Alex Cunningham, barman and illustrator

9th March 2015

By Paul OLeary

Alex is a fascinating character. It’s people like Alex that make the British pub. A proper pub should have staff that actually like people, that want to chat to you, they should know what you drink and have it pouring before you even ask. A great barman or barmaid cares, sympathises, advises and entertains. Flexibility and the odd favour are always so appreciated. If favours were currency, the exchange rate would be huge.

My village has 3 pubs and they are all lovely in different ways. The best bit about them is the staff; they are fascinating and they each have a story to tell. I am almost notorious for head hunting bar staff or checkout girls. One of our Accounting staff worked behind the bar and wanted to study accounting, so we employed them and paid for the exams. We have a lovely receptionist who served me in Halfords so graciously once that I had to ask her to pop into the Mill if she ever fancied a change. In fact, that reminds me, our Creative Director Helen was working in a Deli 10 years ago, when I caught up with her in the car park and asked if she enjoyed her job.

In the pub, out of respect of course I square it with the landlord first. It’s kind of an old fashioned thing, like asking the Father for his daughter’s hand before you even mention it to her. Kind of silly, but nice.

I can’t help seeing the potential in people and then instinctively I just have to help them. And so we come to Alex.

He studied Fine Art and has worked behind a bar ever since. This is not untypical of Fine Artists; it is after all, 3 years of pure self indulgence. There’s no job at the end of it and even the very best struggle to make a living. But I have employed several Fine Artists over the years; they are different, they add something into the mix which is much needed in a creative environment. They are a little bit naive, invariably funny, sometimes awkward or even miserable, but they have a spark of something that I love and they have talent. It’s ok being broke when you’re 20, but it’s a bit sad if you’re still broke at 30 and I can usually find a way for them not to be broke forever.

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They deserve to be rewarded for being able to do something that the rest of us can’t, and if I can’t offer them any work, at least I can champion their cause. I have watched Alex with keen interest for 5 years and felt his trials and tribulations. All the while I’ve tried to encourage him to keep up with his artwork, because he’s got something.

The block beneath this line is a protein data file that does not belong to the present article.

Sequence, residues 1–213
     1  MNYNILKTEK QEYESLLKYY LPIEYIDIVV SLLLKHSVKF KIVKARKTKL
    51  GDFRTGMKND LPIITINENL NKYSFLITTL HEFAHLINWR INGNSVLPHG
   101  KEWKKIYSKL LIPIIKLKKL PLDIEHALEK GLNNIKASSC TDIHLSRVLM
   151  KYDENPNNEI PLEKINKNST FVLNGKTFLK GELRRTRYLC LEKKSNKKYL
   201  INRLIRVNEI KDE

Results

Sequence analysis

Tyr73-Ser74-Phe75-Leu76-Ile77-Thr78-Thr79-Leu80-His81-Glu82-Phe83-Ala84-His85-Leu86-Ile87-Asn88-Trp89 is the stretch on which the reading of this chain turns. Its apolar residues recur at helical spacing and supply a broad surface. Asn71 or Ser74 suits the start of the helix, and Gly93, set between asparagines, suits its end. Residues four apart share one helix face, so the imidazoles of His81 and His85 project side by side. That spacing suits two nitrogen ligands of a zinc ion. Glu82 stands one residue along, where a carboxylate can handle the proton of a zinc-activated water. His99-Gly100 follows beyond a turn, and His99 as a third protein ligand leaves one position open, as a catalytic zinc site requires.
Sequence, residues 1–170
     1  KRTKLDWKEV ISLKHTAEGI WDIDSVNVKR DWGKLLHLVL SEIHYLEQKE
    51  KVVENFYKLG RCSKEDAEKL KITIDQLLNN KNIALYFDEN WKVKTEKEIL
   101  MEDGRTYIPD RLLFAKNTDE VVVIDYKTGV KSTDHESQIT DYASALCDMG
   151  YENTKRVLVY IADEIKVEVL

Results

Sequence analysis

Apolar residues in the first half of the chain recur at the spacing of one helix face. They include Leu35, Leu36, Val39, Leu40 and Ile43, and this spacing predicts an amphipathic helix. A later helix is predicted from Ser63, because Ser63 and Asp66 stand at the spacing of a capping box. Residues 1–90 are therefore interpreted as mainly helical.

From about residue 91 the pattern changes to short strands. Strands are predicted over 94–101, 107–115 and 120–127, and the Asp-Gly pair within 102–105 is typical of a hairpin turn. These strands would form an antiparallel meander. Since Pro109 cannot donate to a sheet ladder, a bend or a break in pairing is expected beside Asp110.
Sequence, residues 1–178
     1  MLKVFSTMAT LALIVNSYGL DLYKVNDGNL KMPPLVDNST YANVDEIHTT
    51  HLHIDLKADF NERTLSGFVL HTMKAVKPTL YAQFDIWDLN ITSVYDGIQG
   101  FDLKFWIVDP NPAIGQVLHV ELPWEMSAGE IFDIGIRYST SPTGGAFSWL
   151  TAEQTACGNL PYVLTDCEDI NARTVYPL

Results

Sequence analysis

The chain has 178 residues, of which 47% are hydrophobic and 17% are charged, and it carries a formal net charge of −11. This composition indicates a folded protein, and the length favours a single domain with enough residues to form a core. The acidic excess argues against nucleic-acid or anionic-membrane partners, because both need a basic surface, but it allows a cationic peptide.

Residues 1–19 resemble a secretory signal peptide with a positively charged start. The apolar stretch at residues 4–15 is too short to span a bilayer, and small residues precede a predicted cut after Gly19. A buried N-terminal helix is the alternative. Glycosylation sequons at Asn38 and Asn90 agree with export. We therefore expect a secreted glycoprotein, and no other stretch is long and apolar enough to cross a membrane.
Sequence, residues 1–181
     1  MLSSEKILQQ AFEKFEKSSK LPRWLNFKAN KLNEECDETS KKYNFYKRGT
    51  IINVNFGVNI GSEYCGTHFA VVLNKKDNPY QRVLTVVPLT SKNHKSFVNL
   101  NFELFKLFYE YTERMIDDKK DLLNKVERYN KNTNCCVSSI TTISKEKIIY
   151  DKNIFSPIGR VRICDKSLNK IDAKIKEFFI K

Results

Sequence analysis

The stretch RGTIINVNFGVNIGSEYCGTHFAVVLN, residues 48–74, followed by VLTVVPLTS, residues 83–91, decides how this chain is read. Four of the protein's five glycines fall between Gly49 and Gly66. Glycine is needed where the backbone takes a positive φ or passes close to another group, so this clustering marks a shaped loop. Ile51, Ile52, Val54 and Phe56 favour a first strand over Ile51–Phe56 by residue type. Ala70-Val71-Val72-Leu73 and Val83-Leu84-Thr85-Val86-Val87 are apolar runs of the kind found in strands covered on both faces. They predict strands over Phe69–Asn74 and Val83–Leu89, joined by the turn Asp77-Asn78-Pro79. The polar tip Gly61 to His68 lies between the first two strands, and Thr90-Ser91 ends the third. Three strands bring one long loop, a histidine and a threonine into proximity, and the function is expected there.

I think I have been to the last 33 Fine Art degree shows. There you will see a few dozen painters exhibiting and unfortunately they are all being different in just the same way that Fine Art students were being different last year and the year before and the year before that. I walk through Fine Art exhibitions at a pace; passing cubicles with just the merest glance. I’m embarrassed if I go in and then just want to walk out again, while the painter is sitting there. Sometimes you see enough to entice you and if your interest is held for some minutes, then they’ve got something, something rare. They are in just their own particular little way…..unique.

If I had seen Alex’s dogs with balloons show, he would have been one of those that were different. I haven’t seen dogs and balloons before; it might not seem that clever, but you try coming up with something original out of thin air. Ever since, Alex has been working in my local pub and I have gradually got to know him. His work is, as I have come to expect, a reflection of his mood. I don’t mean a fleeting mood swing, I mean his general outlook on life.

For a time you might have looked at Alex’s work and thought: If he didn’t paint he’d probably do drugs or self harm. There was always something a bit reactionary about his work, girls with attitude and homemade tattoos. Faces who looked as trapped as a Russian doll, imagine being trapped inside a dozen layers of yourself and knowing that no-one could ever see the real tiny little me. Every character had a fag on and was up for fighting against the world, at least inside their head if not outwardly. All of these characters are about the way Alex feels, about his life, his friends, his job, where he lives.

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So why am I writing about Alex now; because his work is changing. And that’s because Alex is changing. In the last year he’s finally been offered some responsibility, he’s moved out of his parents and into his own place and joy of joys, he’s found love, hooray for Alex, he so deserves it.

And now his work has something extra, it’s still unique, still edgy but added to it is beauty and affection.

Ginger is his best work to date and cat-woman, who’s not finished enough to put on the site yet is up there with Ginge. Watch this space, because I think Alex Cunningham will get there, he’s a true pioneer and there’s nothing fake about him or his art. By the way, Fine Artist’s don’t need paint any more. I find the videos of his work being created as fascinating as the finished article. Watch this https://www.youtube.com/watch?v=7POx_z0mbLw and witness a bit of genius.

 

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